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Biological Sciences


Biological, Environmental, and Earth Sciences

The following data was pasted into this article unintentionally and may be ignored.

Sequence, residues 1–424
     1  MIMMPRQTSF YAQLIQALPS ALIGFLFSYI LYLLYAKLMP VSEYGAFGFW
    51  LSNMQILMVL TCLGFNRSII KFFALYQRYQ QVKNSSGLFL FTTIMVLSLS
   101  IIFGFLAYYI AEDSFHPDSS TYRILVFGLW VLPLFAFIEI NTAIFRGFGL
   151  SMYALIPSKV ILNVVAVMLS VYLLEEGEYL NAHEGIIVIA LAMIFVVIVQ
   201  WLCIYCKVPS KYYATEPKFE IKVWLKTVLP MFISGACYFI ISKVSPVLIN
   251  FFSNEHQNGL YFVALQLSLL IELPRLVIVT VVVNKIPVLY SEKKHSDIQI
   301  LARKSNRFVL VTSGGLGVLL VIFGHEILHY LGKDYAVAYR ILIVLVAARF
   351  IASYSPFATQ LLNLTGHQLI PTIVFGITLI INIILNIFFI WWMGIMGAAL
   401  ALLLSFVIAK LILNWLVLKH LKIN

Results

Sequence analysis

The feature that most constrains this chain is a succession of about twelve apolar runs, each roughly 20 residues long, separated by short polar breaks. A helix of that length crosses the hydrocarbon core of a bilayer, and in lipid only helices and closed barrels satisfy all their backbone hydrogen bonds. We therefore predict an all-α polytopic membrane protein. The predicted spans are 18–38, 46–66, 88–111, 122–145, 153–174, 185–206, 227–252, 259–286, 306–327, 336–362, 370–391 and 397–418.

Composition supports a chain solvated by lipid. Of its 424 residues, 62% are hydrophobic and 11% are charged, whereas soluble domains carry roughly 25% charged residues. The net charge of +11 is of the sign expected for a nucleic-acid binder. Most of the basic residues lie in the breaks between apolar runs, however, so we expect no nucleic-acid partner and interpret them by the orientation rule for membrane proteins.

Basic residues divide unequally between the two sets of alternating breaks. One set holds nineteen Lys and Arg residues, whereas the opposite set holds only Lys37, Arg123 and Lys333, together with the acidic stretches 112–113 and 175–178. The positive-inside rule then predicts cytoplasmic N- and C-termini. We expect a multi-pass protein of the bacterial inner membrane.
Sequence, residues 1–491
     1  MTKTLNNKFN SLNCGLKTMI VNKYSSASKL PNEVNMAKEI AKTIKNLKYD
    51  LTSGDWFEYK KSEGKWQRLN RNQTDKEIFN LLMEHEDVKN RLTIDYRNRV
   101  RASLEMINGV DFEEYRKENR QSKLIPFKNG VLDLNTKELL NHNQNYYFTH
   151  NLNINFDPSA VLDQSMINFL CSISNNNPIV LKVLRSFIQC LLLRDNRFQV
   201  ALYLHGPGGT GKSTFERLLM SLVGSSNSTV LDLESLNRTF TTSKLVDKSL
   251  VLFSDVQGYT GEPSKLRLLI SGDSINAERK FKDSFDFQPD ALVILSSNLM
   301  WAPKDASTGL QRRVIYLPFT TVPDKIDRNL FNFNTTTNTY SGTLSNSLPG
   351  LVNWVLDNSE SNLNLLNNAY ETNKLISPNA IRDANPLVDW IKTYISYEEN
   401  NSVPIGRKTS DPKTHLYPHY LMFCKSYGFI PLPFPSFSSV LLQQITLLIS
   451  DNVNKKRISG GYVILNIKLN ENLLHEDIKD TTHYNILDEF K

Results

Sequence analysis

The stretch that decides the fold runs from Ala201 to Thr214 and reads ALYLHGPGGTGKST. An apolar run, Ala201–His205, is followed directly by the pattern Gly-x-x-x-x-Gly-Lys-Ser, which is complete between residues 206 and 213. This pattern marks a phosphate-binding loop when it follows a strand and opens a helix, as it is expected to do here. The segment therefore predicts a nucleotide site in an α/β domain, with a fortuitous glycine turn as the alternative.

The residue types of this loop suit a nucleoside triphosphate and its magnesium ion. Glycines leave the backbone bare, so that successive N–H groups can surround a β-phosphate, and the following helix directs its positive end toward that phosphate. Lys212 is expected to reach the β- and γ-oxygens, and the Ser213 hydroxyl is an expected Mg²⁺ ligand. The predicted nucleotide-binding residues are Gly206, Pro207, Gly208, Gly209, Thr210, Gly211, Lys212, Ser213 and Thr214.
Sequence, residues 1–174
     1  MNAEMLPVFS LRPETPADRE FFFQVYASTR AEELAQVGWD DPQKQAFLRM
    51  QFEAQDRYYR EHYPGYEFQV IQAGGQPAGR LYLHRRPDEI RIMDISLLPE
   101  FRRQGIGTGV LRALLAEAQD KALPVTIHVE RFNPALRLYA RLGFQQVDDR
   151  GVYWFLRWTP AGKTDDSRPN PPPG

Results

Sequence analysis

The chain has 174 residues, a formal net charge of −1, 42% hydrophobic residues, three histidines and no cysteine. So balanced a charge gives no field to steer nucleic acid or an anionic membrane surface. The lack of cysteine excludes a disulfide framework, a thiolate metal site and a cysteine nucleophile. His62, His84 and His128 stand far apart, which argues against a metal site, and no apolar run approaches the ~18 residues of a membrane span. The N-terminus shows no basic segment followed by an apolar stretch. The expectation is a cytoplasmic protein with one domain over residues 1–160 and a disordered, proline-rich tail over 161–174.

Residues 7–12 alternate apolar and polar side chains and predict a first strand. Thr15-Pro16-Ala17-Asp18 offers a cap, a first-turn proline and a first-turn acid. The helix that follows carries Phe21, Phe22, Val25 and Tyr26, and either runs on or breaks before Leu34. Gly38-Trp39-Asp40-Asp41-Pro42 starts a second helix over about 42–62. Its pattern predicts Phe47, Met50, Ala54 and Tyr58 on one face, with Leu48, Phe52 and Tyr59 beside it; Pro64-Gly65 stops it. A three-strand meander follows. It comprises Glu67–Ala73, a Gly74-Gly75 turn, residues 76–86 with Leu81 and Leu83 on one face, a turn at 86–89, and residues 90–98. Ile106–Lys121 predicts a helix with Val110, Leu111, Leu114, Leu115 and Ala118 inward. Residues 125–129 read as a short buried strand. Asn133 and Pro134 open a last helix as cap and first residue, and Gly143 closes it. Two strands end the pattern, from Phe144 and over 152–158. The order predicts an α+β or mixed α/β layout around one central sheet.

A substantial body of work exists examining courtship in lungless salamanders (family Plethodontidae), but there are many species and population pairs that have not been tested for sexual isolation. Spotted (Desmognathus conanti sensu lato [SL]) and Southern Dusky Salamanders (D. aff. auriculatus) occur sympatrically within drainages in South Mississippi. I crossed individuals from three populations of D. aff. auriculatus (n = 6 individuals) and seven populations of D. conanti (SL) (n = 10) occurring in the Pascagoula and Pearl River basins. I alternated homospecific (n = 23) and heterospecific (n = 23) trials across nights in the spring and summer of 2014 and 2015, and I used GoPro™ HERO3 cameras and time-lapse photography to record the behaviors of a random subset of these pairs, as well as to determine the stage of courtship reached. Seventeen of the 23 homospecific trials resulted in spermatophore deposition and 14 in insemination. None of the 23 heterospecific trials (D. aff. auriculatus ♂ x D. conanti [SL]♀; or D. conanti [SL]♂ x D. aff. auriculatus ♀) reached this stage of courtship, but ten of the 14 photographed, heterospecific pairs exhibited pursuit and/or persuasive behaviors (i.e., pheromone transfer). These results suggest that D. aff. auriculatus and D. conanti (SL) are completely sexually isolated and that isolation is likely chemically mediated. I used a total of eight polymorphic microsatellite loci to genotype offspring from two clutches oviposited by a single female D. aff. auriculatus and one clutch oviposited by a female D. conanti (SL). Strict exclusion suggested that each clutch was sired by a single male, and that female D. aff. auriculatus and female D. conanti (SL) were capable of storing sperm for at least 4 mo 5 days and 3 mo 3 days, respectively. The data presented here further our understanding of the reproductive ecologies of Desmognathus in the historically understudied Gulf Coastal Plain.


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